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Radon Resistant Construction Is Now Required In Minnesota

It’s estimated that one out of three homes in Minnesota has elevated levels of radon gas.  Because of these high numbers, the Minnesota State Building Code has adopted Apendix F of the International Residential Code, Radon Control Methods.  This means that all new homes in Minnesota must now be built with a passive radon control system.  A passive radon control system is similar to a standard radon mitigation system, but there are a few key differences.

A standard radon mitigation system consists of a 3″ plastic vent pipe that starts under the slab in a basement and ends above the roof, much like a plumbing vent.  A fan is connected to this pipe, usually in the attic, so the air and gases under the slab are constantly pulled out, creating a negative pressure zone in the area under the basement slab.  This prevents most radon from entering in to the home.  If drain tile is present, the pipe can be tied in to the drain tile, as this creates a perfect way to suck air soil gases from under the entire slab.  Gaps in the slab are also sealed to help prevent radon entry.

Passive Radon System A passive radon control system consists of the same 3″ plastic pipe, but without a fan.  An electrical junction box will need to be wired in to the attic near the pipe so a fan can be easily added later, if needed. A  layer of 4″ aggregate, sand, or soil gas collection mats must be installed under the basement slab, and 6 mil polyethelene laid over the aggregate before the basement slab is poured.  This allows soil gases to be properly pulled from everywhere under the slab, and keeps soils gas from entering in to the home if the basement slab cracks.  Any openings in the basement floor must also be sealed, such as sump baskets and bathtub drains.

There are many benefits to building a home with a passive radon control system.  The most obvious is that it reduces the risk of lung cancer.   Passive systems don’t require the use of a fan, so there is no electricity being constantly consumed - it’s a ‘green’ thing.   These systems are also much more cosmetically appealing, as most of the components will be concealed in finished spaces.  Radon_mitigation_system The photo at left shows a radon mitigation system that was installed on an old home - the fan and the vent pipe are clearly visible from outside the house.  Another benefit to passive systems is that they will help control moisture in the basement.  Openings in the basement floor now need to be sealed, which will help prevent moisture migrating from under the slab to the rest of the basement, and eventually the rest of the house.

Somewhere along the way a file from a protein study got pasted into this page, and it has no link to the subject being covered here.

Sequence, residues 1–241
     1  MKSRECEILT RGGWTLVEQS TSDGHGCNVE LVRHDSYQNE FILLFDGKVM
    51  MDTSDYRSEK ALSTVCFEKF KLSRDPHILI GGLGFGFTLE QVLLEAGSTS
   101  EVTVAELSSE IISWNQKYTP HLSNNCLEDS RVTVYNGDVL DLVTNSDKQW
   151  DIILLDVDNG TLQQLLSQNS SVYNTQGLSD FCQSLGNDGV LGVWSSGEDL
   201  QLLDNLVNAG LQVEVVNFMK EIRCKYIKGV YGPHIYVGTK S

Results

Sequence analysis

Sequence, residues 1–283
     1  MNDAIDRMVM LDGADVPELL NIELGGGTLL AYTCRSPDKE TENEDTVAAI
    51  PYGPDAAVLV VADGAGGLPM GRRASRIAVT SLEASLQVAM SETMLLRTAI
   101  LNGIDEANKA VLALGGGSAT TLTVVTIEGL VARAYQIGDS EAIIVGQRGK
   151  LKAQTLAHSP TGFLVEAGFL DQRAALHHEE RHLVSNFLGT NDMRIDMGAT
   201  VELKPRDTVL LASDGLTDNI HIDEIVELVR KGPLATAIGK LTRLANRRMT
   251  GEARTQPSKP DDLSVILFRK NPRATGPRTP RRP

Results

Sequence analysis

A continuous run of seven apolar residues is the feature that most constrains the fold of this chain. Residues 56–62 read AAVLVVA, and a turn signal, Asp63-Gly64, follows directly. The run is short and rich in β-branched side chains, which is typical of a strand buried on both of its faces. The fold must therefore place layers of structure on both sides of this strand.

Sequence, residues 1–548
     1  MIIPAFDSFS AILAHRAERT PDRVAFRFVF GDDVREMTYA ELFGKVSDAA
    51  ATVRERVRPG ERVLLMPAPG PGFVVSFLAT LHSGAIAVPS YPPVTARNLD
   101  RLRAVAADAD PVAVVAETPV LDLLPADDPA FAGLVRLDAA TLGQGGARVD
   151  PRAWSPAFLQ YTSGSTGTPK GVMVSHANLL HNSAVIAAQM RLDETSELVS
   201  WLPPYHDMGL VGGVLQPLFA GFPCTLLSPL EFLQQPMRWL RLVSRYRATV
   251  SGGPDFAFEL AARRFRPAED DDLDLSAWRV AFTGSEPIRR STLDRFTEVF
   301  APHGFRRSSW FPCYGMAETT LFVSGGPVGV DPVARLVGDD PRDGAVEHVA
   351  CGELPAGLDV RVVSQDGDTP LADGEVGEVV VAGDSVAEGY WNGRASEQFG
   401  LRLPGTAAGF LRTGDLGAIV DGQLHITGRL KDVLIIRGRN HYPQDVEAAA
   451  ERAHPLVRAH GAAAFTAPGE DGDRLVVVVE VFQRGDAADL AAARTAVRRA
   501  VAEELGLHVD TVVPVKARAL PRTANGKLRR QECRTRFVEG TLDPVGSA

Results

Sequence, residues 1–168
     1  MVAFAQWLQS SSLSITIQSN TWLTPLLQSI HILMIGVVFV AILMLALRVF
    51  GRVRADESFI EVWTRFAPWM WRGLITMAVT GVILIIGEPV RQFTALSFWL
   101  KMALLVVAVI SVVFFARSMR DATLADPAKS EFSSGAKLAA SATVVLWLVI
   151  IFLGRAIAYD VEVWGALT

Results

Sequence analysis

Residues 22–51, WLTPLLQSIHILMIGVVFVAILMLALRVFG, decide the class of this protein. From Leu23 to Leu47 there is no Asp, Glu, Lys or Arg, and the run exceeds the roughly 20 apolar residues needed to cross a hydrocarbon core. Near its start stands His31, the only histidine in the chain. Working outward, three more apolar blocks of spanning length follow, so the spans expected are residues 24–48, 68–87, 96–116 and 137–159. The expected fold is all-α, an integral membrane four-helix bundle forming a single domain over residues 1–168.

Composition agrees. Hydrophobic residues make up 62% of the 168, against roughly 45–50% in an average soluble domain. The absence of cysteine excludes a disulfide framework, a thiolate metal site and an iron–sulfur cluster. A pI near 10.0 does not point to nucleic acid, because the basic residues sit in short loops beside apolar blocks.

For more information on passive radon control systems in Minnesota, visit the Minnesota Department of Health.


Reuben Saltzman, Structure Tech Home Inspections - Email - Home Inspections Minneapolis

Reuben Saltzman, Structure Tech Home Inspections

        

Comment balloon 5 commentsReuben Saltzman • April 28 2009 06:19AM

Comments

Reuben, this was one of the nice features of Wood Foundation systems.  Because the whole house sat on a bed of pea gravel the entire space under the slab could be vented out from under and up through the exterior all around the foundation.  Passive approaches to this issue should always be done if possible.

Posted by Charles Buell, Seattle Home Inspector (Charles Buell Inspections Inc.) over 10 years ago

Hey Reuben, great info. since this seems to be the hot topic around here.

Posted by Tad Petersen / Home Inspector, Mpls (Safeguard Home Inspections, Inc.) over 10 years ago

Reuben;

New Jersey is broken into 'Tiers'; any new house built ina Tier 1 county has a similar requirement with some added provisions.

 

1) Any ductwork that is routed through a crawl space or beneath a slab shall be properly taped or sealed.

 

2) The tops of foundation walls, including, without limitation, interior ledges, that are constructed of hollow masonry units shall be capped or the voids shall be completely filled.

 

Darren

Posted by Darren Miller (About The House) over 10 years ago

Darren - We're required to do those things here too. I didn't get in to the fine details with my blog, but there's a bunch more to it.  I'm guessing New Jersey is using Appendix F from the IRC, right?  That's what we go by.

Posted by Reuben Saltzman, Delivering the Unbiased Truth. (Structure Tech Home Inspections) over 10 years ago

In one of my recent training classes, the instructor was talking about how radon mitigation is in direct conflict with geothermal systems and radiant heat floor systems.  Do you have any good info on those issues?  I am a REALTOR® so I don't have the same level of knowledge on these issues and I am not sure about the accuracy of the information.  Our instructor seemed to think that radon was only a problem for smokers and that if you don't smoke, then radon won't hurt you.  Do you have any insights that might help me out?

Is there a way to have a geothermal radiant floor heating system and radon mitigation at the same time?  Or are they not compatable with each other.

Posted by Patti Ann Kasper, Blaine & North Metro Minneapolis St Paul Real Esta (EXIT REALTY NEXUS) almost 9 years ago

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